For the second year in a row, Spokane has seen a decrease in the number of individuals and families experiencing homelessness, according to the results of an official count.
Each winter, cities across the country conduct a Point-in-Time count, where outreach workers from local social service agencies visit homeless shelters, bus stations and other places where homeless people might be with the aim of trying to get a snapshot of how many individuals are without permanent housing. It’s required by the federal government, and it provides a snapshot of the problem and helps inform how communities spend resources.
The city of Spokane conducted its count on Jan. 28, finding 981 homeless individuals, a 5 percent decrease from last year’s count of 1,034 people.
Here are some other findings from the count:
• The number of homeless veterans increased slightly. This year, 103 veterans were counted, up from last year’s 101 (but still not statistically significant).
• There were 172 unsheltered persons (meaning their nighttime residence was in a place not meant for permanent human habitation, such as a bus stop, car or camp ground) in 2016. That’s a 30 percent increase of the 132 counted in 2015.
Sheila Morley, community homeless program manager with the city of Spokane, says that increase was likely due, in part, to a warming shelter being closed the night of the count. However, she still says the increase is “concerning” and suspects that there is a larger trend at play.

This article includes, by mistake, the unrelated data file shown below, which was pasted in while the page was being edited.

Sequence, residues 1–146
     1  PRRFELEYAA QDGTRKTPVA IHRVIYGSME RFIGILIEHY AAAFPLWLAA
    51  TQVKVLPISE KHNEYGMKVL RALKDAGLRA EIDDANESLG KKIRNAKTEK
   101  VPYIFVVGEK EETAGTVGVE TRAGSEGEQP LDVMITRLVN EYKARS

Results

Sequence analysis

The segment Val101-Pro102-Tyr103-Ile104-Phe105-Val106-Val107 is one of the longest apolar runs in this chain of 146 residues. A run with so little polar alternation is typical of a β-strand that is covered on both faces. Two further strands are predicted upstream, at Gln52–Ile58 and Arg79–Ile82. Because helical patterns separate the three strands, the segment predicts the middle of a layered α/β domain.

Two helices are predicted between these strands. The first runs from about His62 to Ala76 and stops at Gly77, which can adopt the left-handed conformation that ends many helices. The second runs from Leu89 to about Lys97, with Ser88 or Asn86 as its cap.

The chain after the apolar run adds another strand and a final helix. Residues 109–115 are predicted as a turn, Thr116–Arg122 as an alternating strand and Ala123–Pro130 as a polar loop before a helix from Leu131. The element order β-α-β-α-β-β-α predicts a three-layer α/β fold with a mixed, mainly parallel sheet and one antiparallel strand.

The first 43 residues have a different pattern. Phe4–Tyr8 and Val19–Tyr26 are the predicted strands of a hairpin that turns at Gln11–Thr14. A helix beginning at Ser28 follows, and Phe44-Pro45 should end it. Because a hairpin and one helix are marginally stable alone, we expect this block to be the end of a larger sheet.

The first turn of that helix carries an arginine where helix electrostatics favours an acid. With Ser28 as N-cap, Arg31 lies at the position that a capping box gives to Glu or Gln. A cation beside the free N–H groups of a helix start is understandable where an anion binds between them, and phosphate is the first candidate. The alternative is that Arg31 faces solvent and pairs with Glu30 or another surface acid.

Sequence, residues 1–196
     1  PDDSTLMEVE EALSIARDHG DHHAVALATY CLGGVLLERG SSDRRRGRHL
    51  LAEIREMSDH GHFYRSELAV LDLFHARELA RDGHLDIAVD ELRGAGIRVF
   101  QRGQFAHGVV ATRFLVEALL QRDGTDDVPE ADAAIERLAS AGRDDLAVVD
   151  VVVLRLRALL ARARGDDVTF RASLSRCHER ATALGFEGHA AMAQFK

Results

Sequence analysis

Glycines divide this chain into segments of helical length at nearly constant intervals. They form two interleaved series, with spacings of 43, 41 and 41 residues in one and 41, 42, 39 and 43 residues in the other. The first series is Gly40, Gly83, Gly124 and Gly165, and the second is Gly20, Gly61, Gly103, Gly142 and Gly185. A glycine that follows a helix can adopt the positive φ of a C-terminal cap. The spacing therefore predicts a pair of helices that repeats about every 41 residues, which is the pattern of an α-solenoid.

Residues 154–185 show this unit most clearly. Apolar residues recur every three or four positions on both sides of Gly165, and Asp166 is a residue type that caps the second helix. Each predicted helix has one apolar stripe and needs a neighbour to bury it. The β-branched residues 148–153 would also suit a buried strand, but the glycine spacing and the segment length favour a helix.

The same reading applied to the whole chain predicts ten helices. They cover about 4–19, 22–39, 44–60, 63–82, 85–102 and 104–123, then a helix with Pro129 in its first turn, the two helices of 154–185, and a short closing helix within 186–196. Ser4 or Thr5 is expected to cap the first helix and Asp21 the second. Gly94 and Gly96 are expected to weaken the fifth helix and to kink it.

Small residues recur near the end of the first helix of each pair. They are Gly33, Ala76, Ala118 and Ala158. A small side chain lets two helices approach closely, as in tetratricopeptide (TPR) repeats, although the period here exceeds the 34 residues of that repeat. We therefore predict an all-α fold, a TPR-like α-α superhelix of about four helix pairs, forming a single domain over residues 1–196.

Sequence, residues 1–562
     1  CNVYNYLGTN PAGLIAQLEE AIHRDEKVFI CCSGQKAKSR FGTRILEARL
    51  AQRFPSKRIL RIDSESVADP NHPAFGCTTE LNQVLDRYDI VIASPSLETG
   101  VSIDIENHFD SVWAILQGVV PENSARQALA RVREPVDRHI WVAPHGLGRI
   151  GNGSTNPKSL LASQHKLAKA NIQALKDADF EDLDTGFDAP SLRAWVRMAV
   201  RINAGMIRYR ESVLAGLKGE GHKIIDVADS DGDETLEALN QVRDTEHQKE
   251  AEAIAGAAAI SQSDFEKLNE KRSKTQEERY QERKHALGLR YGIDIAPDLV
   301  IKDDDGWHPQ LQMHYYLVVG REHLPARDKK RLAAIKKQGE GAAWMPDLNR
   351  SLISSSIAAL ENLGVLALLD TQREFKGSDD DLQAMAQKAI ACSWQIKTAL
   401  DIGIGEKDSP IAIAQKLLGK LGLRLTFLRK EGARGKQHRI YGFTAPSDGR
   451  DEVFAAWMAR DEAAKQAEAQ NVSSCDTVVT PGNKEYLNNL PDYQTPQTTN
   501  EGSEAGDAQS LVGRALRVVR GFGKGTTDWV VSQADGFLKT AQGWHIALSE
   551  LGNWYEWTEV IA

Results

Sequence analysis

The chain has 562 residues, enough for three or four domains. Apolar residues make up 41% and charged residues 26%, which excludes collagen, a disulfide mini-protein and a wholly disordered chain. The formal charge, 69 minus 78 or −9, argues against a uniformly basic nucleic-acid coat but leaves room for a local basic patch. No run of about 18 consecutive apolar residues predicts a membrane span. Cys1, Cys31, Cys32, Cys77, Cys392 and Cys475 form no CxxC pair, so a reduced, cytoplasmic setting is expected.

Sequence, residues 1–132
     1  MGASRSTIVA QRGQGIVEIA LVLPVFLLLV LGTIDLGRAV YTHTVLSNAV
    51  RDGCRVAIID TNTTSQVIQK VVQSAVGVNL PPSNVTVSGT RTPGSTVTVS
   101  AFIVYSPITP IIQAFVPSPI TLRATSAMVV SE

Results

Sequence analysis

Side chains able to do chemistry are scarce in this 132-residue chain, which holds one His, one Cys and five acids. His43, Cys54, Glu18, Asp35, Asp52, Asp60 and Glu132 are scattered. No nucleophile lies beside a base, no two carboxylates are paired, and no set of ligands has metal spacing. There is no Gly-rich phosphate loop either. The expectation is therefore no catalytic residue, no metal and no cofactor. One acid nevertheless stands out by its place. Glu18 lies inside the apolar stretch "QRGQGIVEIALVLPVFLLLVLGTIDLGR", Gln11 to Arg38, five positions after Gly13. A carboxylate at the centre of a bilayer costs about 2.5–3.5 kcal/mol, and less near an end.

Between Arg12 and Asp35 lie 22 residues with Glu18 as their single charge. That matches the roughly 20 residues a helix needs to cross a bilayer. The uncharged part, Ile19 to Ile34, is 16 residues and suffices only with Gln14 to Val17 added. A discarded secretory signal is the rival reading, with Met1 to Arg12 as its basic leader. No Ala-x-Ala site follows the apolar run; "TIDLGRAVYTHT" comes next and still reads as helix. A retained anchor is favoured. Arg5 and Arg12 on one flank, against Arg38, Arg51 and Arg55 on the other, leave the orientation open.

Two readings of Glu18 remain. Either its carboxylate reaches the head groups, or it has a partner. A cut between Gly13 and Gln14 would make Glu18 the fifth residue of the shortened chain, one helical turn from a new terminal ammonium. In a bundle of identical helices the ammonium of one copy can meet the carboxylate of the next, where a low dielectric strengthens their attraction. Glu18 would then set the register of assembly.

• The number of homeless families has decreased each year for the last five years. In 2016, 103 homeless families were counted, a 15 percent decrease from last year.
“We’ve really worked hard over the last five years in retooling that family delivery system and shifting some funds toward permanent housing and rapid rehousing,” says Morley, of the decrease.
• Spokane has seen the number of people experiencing severe mental illness and having a chronic substance abuse condition every year since 2012. But this year was different.
In 2016, 240 people with severe mental illness were counted, an 8 percent decrease from last year. The number of people with a chronic substance abuse condition counted in 2016 was 169, an 11 percent decrease from last year.
Morley says that the city has prioritized placing chronically homeless individuals, those who’ve had repeated episodes of homelessness or have been on the streets for at least one year, in permanent supportive housing. This population, she says, often overlaps with those experiencing severe mental illness or those with chronic substance abuse condition.
• Of those counted, 759 were considered households. Of those, 68 percent were in households without children, 31 percent without. One percent of households had only children (Morley says these are “unaccompanied minors.”)
• The most common reason given for homeless was a lack of income (83 percent of respondents).
• 525 (54 percent) were staying in emergency shelters
• 283 people (29 percent) were in transitional housing.
• The gender breakdown was 57 percent male, 43 percent female.
• 21 percent were under age 18. Seventy two percent were over age 24.
• Ages ranged from 2 months to 78 years.